The show Stranger Things is arguably one of the better Netflix originals to date. The set design, the amazing acting, the haunting score and spot-on soundtrack — all of it combines to accentuate the taught, tension-filled story that grabs at our sense of nostalgia. Which is why it should really embrace that and go for broke with an ‘80s-inspired video game.

Any attempt at turning the Netflix mega-hit into a game would do well to stick to that same formula: a reverence for the past told through the narrative of a fresh story. By blending elements of the series with a classic LucasArts-like world, designer Jacob Janerka rung that bell, and then some. A view of Janerka’s pixellated version of Hawkins, Indiana were all over the internet last week.

Wouldn't you play the sh&%t out of this?
Wouldn't you play the sh&%t out of this?

Sadly, this GIF is all there is of a Stranger Things adventure. A full game is a long ways off, if it ever gets made at all. Janerka — a one-man video game developer out of Perth, Australia — took time away from making his own game to speak with Inverse about his love of the show, his concept for the Stranger Things game, and what exactly is stopping him from making all of our collective dreams come true.

What was it that appealed to you about the show as someone who makes video games?

Primarily, it’s just like the execution of everything. Some people complained about how it was relying so much on nostalgia, but really it was the execution that made everyone love it. From the really killer music, to the amazing cinematography and lighting, to the really good casting of all the actors, and stuff like that. I don’t see how you could complain really about anything except for like a few minor things.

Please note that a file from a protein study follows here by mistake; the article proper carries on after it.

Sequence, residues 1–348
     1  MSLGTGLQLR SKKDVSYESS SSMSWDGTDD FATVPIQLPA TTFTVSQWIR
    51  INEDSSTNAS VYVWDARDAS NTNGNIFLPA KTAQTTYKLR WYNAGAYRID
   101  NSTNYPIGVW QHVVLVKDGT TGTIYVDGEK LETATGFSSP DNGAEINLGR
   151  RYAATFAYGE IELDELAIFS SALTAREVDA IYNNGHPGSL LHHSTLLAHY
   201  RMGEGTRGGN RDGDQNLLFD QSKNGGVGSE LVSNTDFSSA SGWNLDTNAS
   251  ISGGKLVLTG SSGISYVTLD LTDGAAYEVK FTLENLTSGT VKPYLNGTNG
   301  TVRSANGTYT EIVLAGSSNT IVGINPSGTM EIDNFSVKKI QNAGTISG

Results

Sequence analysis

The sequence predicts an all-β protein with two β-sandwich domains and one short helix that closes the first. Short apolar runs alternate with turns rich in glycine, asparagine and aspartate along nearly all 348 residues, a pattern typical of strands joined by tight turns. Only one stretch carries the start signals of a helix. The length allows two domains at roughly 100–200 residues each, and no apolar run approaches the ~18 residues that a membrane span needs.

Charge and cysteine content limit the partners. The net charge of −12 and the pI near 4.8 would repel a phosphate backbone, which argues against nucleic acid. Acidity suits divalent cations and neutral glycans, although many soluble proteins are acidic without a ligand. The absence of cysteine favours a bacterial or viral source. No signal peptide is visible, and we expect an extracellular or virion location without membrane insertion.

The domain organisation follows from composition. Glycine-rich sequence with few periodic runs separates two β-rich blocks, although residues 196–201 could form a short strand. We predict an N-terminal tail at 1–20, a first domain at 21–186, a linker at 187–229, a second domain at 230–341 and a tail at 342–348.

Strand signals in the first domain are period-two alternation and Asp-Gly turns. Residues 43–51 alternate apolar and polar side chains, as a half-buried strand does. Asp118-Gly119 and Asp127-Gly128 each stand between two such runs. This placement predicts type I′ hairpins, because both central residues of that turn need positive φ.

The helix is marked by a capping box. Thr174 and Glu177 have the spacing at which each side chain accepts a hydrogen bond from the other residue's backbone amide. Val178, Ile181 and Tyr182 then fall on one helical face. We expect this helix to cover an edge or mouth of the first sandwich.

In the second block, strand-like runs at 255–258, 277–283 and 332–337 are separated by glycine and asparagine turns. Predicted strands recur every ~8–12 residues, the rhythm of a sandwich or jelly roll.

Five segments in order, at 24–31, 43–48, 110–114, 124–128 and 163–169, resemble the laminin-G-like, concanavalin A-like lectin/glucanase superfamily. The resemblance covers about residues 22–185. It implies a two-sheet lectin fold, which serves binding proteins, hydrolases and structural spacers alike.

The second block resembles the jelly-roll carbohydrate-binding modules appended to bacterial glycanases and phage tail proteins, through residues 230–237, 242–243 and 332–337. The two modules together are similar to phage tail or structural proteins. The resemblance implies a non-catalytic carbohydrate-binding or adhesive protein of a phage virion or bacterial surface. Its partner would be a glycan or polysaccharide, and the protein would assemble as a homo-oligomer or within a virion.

Why do you feel that old LucasArts style fits so well with Stranger Things?

It comes down to it being in the ‘80s. Back then, adventure games were more like text adventures, but it’s still that pixel aesthetic that fits in with that kind of time era, so it has that connection, but with modern techniques. It’s more aesthetically pleasing.

What is your favorite classic adventure game?

That would probably be Day of the Tentacle. I love most of the LucasArts games like Sam and Max and Monkey Island, but Day of the Tentacle is really special, because even though it’s not as long as the others, it has a really tight design. So to design something that has three characters interacting with each other in three different timelines is like such a crazy design theme, generally the art style by Peter Chan is amazing. I can’t even imagine how to draw in that perspective.

You’re designing your own game, Paradigm. Do you have any formal training?

I initially started with a degree in illustration, and pretty much most of my skills are self-taught. I started learning how to draw properly at 16, and then I just kept going from there.

When I was in university, I had a chance to do a project on whatever I wanted to do, so I decided to make a game. I got to see Indie Game: The Movie, and I was like, “Oh wait, I can actually do this.” Then I found an adventure game engine which allowed you to do things without programming — which is perfect for me because my main thing has always been art. I just learned that as I went; I just kept experimenting. Lots and lots of trial and error.